• warning: meld tries to pull in most of gnome and its media players on ubuntu
    • Before debian etch or ubuntu gutsy, you have to manually invoke alternatives for git
      • By default, their git refers to gnu interactive tools rather than git-core
      • ubuntu feisty at least prompts you to do this when you install the backport git-core

Tutorials, howto's and cheat sheets:

More of the same:




Other uses:

  • "It is believed" that the unofficial extension package that lets TWiki 4.0 (obs) work with mercurial is modifiable to allow it to work with git. Not directly useful. There is a very nice tutorial on converting the CVS-like RCS logs produced by twiki into SVN or Git format during TWiki-to-ikiWiki conversion. (Think I saw an article by someone who did adapt TWiki to use Git, but can't find it right now.)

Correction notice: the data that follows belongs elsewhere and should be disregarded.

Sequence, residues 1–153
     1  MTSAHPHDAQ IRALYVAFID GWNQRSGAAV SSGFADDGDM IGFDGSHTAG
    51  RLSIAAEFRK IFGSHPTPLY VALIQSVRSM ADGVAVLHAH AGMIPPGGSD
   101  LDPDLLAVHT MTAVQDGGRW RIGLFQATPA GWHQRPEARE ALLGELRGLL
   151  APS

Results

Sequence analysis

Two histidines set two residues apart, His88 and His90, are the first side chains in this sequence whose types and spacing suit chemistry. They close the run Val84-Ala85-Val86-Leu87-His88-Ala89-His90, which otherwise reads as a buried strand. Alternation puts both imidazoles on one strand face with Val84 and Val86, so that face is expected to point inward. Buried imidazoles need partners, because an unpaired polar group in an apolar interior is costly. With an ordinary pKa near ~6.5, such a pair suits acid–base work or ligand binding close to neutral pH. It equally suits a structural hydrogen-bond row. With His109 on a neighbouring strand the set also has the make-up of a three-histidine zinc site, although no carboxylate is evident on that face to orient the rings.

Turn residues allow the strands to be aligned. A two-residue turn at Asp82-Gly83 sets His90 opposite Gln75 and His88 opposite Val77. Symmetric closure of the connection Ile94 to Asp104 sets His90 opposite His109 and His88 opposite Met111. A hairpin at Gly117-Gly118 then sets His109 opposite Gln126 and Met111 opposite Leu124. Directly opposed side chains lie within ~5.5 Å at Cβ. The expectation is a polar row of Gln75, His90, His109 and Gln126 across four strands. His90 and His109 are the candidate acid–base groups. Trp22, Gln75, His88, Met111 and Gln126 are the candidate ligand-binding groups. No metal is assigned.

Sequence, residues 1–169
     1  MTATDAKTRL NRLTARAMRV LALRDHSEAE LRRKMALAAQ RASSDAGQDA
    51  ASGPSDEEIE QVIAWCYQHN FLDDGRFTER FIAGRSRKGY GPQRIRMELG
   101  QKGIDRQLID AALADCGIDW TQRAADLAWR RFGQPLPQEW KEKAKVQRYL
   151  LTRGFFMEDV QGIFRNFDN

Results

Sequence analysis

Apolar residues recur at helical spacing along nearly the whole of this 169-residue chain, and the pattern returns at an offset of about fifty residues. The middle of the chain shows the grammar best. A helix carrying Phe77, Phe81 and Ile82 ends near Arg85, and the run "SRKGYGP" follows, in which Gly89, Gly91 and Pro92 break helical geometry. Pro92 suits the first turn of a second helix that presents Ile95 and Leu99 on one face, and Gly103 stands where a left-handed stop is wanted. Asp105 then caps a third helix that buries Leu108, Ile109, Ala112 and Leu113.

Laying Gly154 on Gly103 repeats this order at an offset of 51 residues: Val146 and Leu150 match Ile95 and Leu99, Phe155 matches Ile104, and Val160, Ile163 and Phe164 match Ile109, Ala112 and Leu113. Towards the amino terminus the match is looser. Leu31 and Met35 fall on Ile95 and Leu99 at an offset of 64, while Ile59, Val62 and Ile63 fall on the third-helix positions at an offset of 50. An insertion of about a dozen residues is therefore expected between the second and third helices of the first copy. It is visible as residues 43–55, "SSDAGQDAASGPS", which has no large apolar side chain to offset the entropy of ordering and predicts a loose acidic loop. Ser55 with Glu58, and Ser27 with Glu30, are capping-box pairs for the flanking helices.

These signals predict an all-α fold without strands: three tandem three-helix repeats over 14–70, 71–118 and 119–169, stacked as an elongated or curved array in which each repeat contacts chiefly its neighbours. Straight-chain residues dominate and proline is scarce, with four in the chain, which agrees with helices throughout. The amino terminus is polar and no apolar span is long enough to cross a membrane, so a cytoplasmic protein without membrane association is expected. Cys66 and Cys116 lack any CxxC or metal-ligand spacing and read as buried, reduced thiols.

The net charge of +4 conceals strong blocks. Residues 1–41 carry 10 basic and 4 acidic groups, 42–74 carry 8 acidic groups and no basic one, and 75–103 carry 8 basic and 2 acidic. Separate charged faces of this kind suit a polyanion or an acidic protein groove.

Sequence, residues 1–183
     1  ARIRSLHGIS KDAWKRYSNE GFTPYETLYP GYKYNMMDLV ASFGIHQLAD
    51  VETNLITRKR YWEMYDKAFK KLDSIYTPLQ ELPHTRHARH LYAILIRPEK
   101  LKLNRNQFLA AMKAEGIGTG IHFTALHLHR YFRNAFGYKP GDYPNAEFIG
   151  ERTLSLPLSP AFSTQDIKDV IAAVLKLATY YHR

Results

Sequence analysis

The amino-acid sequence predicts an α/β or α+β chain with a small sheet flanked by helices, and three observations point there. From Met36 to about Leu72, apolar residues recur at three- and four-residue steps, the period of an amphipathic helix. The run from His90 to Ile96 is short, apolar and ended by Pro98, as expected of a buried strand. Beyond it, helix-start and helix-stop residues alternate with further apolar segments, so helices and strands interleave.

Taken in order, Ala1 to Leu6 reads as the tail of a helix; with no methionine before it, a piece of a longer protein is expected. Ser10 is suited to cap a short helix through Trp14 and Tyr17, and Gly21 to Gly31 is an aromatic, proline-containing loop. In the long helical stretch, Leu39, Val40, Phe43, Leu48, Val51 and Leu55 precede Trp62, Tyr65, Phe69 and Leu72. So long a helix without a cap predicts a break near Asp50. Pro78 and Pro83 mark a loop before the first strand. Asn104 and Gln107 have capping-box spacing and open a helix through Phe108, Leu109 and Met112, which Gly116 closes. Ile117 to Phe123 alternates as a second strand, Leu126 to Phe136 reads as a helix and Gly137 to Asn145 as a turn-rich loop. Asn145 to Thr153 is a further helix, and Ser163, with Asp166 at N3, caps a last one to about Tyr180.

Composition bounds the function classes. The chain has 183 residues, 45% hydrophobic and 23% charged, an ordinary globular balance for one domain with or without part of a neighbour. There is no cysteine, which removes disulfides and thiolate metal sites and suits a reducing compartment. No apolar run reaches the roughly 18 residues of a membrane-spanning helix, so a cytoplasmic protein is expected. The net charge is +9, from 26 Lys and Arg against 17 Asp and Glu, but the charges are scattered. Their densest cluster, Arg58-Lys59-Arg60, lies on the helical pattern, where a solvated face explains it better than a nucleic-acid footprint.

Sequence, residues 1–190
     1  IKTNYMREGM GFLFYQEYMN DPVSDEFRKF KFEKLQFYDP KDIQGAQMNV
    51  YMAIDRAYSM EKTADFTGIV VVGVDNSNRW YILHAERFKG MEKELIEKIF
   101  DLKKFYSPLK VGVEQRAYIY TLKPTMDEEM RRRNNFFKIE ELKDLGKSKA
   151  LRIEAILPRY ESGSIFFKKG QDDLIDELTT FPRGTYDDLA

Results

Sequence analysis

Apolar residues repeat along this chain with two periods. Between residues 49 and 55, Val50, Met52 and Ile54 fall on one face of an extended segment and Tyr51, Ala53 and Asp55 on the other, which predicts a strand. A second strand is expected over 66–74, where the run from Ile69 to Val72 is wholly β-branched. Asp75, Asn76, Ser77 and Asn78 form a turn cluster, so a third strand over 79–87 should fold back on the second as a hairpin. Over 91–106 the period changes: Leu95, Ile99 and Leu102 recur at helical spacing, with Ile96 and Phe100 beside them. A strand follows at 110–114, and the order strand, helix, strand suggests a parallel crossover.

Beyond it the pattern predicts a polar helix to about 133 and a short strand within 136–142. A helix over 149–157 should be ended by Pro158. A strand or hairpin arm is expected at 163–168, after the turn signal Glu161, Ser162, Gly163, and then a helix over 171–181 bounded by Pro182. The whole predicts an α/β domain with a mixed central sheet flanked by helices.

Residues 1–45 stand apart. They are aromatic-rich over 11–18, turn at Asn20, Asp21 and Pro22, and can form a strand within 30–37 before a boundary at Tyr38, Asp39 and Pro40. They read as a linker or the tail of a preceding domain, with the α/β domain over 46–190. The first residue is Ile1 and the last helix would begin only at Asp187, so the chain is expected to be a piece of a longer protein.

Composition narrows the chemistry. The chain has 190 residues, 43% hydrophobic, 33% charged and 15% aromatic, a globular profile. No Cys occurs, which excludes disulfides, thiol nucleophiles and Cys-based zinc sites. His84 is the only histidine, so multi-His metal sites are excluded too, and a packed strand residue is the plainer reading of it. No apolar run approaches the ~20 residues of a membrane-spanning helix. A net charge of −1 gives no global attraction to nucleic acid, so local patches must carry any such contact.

Mercurial, aka hg

Written in python. Official VCS of Mozilla, OpenSolaris, and Xen.


  • fast, small, uncluttered, with few pre-reqs,
  • Well documented, large community.
  • Runs well under Microsoft Windows. (Which Git does not.)
  • Repository conversion utilities are available for CVS, Subversion, Darcs, Git, etc.
  • It has a patch management extension (MQ) included.
  • Plugins are available for eclipse, emacs, vim and other editors and IDEs.


  • Proliferation of repositories
    • Not required, but the most described workflow keeps one repo per branch
  • Versions below 0.9.4 do not handle symlinks.
    • Centos 4 distributed 0.9.3, but fortunately rpmforge provides 0.94.
    • Ubuntu feisty provided 0.9.3, with no upgrade version in backports


  • frown The 1.0 conversion on the RPMForge repo in early April 2008 resulted in thousands of warning messages every night as it reported "this file is still here" for everything in each repository. It turned out to be cosmetic, the side effect of a command syntax change: there is now an addremove command, that subsumes the previously recommended remove --after when misusing mercurial to snapshot directory content. With 1.0, remove was changed to work the same way but always issue a warning. Caught my attention, alright! wink This experience does partially shoot down the "mercurial is better than git because its user interface is more stable" argument.



Other uses: